0.13 X Earth's
9.5 X Earth's
95 X Earth's
Saturn’s High-Velocity Winds
There are extremely high velocity winds in the atmosphere of Saturn.
Unlike the case for Jupiter, the variations in wind speeds are not
strongly correlated with the positions of the belts and bands. The wind
speeds in the atmosphere of Saturn have been measured to be as
high as 1800 km/hr, which is about 4 times the highest speeds in the
atmosphere of Jupiter.
Saturn’s Surface
The surface of Saturn bears many similarities with the surface of Jupiter, but
the color contrast is generally less. This is thought to be due to Saturn being
colder than Jupiter (further from the Sun, but also smaller with less internal
heat), so it has different chemical reactions in its atmosphere, leading to
different coloration.
There are large anticyclonic cells on the surface, apparently driven by the
planet's internal heat source, but none are as large as the Great Red Spot on
Jupiter, and they are not as abundant as on Jupiter.
1997 launch – 2004 Saturn arrival
The Cassini Orbiter's mission consists of delivering a probe (called Huygens,
provided by ESA) to Titan, and then remaining in orbit around Saturn for detailed
studies of the planet and its rings and satellites.
JPL technicians reposition
and level the Cassini orbiter
in the Payload Hazardous
Servicing Facility at the
Kennedy Space Center in
July 1997, after stacking the
craft's upper equipment
module on the propulsion
at Saturn
The international CassiniHuygens mission
successfully entered orbit
around Saturn at 9:12 p.m.
PDT on June 30, 2004. This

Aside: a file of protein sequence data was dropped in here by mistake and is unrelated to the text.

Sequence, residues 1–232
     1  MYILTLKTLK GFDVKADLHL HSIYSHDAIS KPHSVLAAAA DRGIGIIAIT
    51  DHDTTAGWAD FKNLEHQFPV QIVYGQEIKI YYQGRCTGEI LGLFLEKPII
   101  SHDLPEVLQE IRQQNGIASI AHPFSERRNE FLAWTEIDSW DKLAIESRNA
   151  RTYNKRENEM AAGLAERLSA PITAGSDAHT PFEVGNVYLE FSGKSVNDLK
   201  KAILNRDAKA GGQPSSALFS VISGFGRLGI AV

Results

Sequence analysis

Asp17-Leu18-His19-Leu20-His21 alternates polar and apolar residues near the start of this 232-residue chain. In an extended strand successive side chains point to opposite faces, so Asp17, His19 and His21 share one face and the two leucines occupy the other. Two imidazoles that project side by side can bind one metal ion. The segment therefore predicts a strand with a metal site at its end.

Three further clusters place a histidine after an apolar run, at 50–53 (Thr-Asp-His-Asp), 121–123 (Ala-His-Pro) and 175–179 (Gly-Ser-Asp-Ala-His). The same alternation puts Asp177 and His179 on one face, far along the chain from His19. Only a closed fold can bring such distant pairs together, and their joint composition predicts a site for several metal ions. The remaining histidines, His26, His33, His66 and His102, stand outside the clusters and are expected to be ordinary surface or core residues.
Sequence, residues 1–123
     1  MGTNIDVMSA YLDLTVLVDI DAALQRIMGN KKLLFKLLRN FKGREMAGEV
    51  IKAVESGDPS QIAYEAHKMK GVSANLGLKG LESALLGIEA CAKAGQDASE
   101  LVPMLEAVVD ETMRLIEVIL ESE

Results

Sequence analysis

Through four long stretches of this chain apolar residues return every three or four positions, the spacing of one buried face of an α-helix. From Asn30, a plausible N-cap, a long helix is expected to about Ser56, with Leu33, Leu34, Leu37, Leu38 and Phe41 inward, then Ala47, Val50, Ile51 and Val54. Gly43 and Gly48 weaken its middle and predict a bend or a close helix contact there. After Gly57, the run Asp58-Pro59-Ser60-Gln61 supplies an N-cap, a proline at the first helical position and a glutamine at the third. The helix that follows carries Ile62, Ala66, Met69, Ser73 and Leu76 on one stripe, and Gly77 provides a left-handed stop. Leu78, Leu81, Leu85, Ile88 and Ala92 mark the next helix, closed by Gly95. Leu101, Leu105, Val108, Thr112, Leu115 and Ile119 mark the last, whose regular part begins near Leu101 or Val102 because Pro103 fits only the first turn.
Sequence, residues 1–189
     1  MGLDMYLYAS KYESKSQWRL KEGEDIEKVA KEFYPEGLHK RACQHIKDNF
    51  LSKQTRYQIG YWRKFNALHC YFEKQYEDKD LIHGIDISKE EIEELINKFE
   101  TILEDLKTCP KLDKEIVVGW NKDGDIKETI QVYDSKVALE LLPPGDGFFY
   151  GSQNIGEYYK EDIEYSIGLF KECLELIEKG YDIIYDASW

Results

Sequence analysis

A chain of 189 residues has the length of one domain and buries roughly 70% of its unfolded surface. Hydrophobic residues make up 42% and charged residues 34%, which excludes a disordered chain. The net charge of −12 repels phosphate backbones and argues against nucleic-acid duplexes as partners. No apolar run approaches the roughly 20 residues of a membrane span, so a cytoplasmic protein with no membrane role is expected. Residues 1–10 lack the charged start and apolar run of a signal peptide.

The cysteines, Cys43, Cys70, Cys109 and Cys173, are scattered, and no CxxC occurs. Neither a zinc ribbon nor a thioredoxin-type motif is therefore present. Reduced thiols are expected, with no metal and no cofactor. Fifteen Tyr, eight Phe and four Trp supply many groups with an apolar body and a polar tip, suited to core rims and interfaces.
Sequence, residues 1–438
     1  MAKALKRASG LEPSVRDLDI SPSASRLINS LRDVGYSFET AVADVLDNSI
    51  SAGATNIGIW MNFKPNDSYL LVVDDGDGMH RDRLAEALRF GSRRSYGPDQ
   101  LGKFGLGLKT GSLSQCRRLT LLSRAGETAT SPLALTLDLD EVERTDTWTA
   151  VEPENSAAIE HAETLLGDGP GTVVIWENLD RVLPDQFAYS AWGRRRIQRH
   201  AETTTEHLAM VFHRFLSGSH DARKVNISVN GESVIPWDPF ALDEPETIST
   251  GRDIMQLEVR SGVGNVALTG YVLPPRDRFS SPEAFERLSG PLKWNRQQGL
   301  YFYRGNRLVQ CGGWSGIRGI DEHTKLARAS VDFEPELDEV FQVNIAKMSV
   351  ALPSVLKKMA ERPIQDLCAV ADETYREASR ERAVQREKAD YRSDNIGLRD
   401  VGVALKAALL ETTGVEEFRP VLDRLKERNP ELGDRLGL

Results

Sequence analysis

begins a four-year study of
the giant planet, its majestic
rings and 34 known moons.
Cassini will make 74 unique orbits around the planet, using close
flybys of Saturn's largest moon Titan for gravity assists and science
data acquistion. Because of the size of Titan, the flybys will allow for
major changes in orbital paths, allowing engineers to minimize fuel use
while maximizing science data collection.
Highlights of the Saturn Tour
74 Orbits of Saturn
44 Close flybys of Titan
8 close "targeted" flybys of other satellites:
3 close flybys of Enceladus
30 additional satellite flybys at distances less than 100,000 kilometers
(about 62,100 miles)
Many Saturn and Ring occultation opportunities
One "Titan 180 degree" transfer
One high inclination sequence
This false-colour composite was created with images taken during the
NASA/ESA/ASI Cassini spacecraft's closest fly-by of Titan on 16
April 2005.
This mosaic of three frames provides unprecedented detail of the high ridge area
including the flow down into a major river channel from different sources.
Saturn’s Rings
Nine days before it entered orbit,
Cassini spacecraft captured this
exquisite natural color view of
Saturn's rings.
The brightest part of the rings,
curving from the upper right to
the lower left in the image, is the
B ring.
Saturn's rings are made
primarily of water ice. Since
pure water ice is white, it is
believed that different colors
in the rings reflect different
amounts of contamination by
other materials such as rock
or carbon compounds.
Saturn’s South Pole
These images of Saturn's south pole, taken by two different instruments on Cassini,
show the hurricane-like storm swirling there and features in the clouds at various
depths surrounding the pole. Different wavelengths reveal the height of the clouds,
which span tens of kilometers in altitude.
Dione, Tethys and Pandora
A 330-kilometer-wide (205 mile)
impact basin can be seen near the
bottom right on Dione (at left).
Ithaca Chasma and the region
imaged during the Cassini
spacecraft's Sept. 24, 2005, flyby
can be seen on Tethys (middle).
Tethys is on the far side of the rings in this view; Dione and Pandora are much
nearer to the Cassini spacecraft. Dione is 1,126 kilometers (700 miles) across.